I live at the bottom of a dead-end hill and unless you live there, you don’t walk, bike, or pass by for any reason. So when someone was outside going through my recycling bin, it raised a red flag.

Like any neurotic suspecting person would do, I hid behind my window curtain to see what the heck was going on. One quick pivot around the barrel and it became very clear that this person was taking notes. NOTES! On a clipboard! It was a for-real recycling police person. She left behind a giant red tag on my barrel and I’m pretty sure it read SHAME in bold letters.

I went outside to check my flag of shame and it actually said, NO PLASTIC RAKES. I know that lawn tools don’t belong there but for reasons unknown, someone in my house threw it in their anyway. That violation turned into eight weeks of recycling-policing at my house and each week another infraction. The most embarrassing part of the whole thing is that when I went outside to see what new thing I had done wrong, the police approached me. The embarrassment was REAL.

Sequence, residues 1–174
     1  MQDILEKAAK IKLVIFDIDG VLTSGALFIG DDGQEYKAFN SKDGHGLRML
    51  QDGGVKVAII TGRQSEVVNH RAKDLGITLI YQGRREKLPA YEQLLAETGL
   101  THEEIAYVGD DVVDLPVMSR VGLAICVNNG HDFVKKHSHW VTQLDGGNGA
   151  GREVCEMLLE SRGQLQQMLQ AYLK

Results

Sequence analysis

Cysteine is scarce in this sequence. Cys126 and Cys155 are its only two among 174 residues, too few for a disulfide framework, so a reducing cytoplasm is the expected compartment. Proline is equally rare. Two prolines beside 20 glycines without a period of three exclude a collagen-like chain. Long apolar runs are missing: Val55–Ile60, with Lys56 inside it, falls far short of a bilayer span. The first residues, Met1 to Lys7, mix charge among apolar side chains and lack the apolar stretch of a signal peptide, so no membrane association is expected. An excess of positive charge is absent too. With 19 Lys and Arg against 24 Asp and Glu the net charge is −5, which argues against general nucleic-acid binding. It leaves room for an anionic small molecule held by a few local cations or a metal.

Marissa Perez-Dormitzer, District Recycling Coordinator at Greater New Bedford Regional Refuse Management District (and also, the person tasked with policing my bins for 8 weeks) kindly told me it's not a FAIL noticed, but a learning opportunity. An OOPS notice, actually. “I try to always put a smiley face, too”.

“It's just an educational way to let you know that some things are not recyclable - such as the plastic bags and plastic wrap (water bottle cases, for example.) We can’t get it out of the recycling facility if we don’t let people know it shouldn’t be there in the first place. In general, we still notice a lot of people putting their recyclables in the trash instead of the bins but hopefully, they won’t for much longer.”

Marissa did note that while certainly, the plastic rake was not suitable for the recycling bin- it wasn’t the worst she’d seen. “We’ve had fake mustaches and toilet seats in there, too.”

This specific, state-funded project is called the “Recycling IQ Kit” and its goal is to eliminate “contamination” from the recycling bins. This eight-week long program has been renewed for our area and starts back up in July. But don't worry- it is not just us, it is very likely to expand to surrounding communities as well this year. If you see them in your bins, you are encouraged to come out from behind your curtains and chat; they won’t shame you!

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